The relationship between antioxidants and OA remains unresolved. At the 2009 ACR meeting, an interesting prospective cohort study was presented to assess the relationship between antioxidant intake and incident hip and knee OA.[10] The study authors queried data from the Malmö Diet and Cancer cohort, a large prospective study that followed the clinical course and diet of patients 45-73 years old for more than 10 years.[11] Over 1000 incident cases of severe OA of the hip and knee, defined as the need for total joint arthroplasty, occurred during follow-up. Higher intake of the antioxidants beta-carotene, vitamins E and C, and selenium were not associated with a reduction in the incidence of severe OA. Surprisingly, an association between high selenium intake and knee and hip OA was observed. This intriguing observation, which could influence how one counsels patients on the use of antioxidant supplements, needs to be confirmed with additional studies.

Strontium Ranelate*: An Inhibitor of Cartilage Turnover?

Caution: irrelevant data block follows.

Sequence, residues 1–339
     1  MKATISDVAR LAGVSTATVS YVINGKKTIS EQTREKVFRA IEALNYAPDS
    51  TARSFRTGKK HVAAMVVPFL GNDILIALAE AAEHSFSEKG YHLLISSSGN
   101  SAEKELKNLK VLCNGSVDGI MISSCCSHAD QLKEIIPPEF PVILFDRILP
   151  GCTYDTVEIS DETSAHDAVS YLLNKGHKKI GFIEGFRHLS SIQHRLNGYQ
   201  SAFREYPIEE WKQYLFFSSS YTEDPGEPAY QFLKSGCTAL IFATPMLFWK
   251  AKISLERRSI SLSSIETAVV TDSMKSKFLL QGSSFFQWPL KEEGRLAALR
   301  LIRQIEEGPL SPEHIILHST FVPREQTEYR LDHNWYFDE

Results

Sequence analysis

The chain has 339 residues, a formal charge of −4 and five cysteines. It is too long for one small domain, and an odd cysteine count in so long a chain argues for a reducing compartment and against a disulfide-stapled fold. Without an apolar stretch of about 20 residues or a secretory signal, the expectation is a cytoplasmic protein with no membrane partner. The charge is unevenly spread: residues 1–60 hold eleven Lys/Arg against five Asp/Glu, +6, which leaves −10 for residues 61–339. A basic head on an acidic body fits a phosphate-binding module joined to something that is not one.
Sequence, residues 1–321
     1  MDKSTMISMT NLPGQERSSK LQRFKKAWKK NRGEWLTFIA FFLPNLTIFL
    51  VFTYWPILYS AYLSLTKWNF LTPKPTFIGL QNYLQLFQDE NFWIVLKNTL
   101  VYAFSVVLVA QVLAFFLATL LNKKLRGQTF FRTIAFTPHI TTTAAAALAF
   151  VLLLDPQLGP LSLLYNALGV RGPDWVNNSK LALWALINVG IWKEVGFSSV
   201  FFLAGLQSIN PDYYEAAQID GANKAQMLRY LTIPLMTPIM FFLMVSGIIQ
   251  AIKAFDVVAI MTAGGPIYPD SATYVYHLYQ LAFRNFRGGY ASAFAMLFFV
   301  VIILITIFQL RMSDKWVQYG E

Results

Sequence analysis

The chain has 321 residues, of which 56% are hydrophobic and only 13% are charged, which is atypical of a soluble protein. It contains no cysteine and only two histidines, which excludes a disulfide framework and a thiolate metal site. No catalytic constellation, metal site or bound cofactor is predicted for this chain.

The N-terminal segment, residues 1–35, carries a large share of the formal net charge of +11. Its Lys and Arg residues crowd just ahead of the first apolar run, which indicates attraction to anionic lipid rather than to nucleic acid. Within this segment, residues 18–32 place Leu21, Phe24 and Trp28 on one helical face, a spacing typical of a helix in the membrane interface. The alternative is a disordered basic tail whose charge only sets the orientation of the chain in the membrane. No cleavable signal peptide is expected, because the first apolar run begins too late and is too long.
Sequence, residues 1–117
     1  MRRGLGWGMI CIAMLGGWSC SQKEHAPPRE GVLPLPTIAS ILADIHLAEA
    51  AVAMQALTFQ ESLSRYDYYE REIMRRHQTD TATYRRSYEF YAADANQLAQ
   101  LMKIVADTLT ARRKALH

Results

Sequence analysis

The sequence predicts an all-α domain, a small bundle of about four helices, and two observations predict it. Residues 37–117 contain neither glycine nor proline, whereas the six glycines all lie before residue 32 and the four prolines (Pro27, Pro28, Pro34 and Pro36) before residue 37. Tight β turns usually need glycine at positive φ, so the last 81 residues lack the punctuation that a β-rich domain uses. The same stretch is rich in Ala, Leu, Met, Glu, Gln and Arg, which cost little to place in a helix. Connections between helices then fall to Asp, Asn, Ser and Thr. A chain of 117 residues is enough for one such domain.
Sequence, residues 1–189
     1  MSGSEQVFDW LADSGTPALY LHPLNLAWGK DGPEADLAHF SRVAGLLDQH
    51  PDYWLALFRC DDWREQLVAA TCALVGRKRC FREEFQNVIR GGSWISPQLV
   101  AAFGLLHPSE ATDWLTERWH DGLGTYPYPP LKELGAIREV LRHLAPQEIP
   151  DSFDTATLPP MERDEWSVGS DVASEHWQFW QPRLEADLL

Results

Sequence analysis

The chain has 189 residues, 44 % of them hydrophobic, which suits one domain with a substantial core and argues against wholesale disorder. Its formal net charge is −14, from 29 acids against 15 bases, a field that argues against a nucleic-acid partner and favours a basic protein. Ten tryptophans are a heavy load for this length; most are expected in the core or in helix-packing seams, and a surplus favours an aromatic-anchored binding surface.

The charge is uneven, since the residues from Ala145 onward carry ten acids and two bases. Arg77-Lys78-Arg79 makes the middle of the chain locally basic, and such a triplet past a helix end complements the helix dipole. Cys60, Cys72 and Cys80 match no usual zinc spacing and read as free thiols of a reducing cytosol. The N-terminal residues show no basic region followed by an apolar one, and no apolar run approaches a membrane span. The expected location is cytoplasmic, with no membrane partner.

Degenerative disease of the lumbar spine is a highly prevalent condition and significant cause of morbidity and work disability.[12] In 2008, Bruyere and colleagues published a post-hoc analysis of 2 placebo-controlled trials of strontium ranelate for the treatment of postmenopausal osteoporosis.[13] In this publication, they found that strontium ranelate reduced the percentage of patients showing progression of spinal OA by approximately 40% over the 3-year study. At the 2009 ACR meeting, the investigators presented follow-up biochemical data from this study, examining the relationship of markers of cartilage turnover to the prevalence of lumbar disc disease and its response to therapy with strontium ranelate.[14] Of the patients in the placebo arm, levels of urinary type II collagen fragments, a marker of cartilage breakdown, were higher in patients with prevalent lumbar disc disease. Furthermore, treatment with strontium ranelate reduced levels of this marker, suggesting an explanation for the apparent benefit of this compound on disease progression. However, levels of this marker were not predictive of lumbar disc disease progression. An additional placebo-controlled trial, focused on addressing the structure-modifying effect of strontium ranelate on lumbar disc disease as the primary endpoint, is needed to resolve whether this molecule is efficacious in this condition.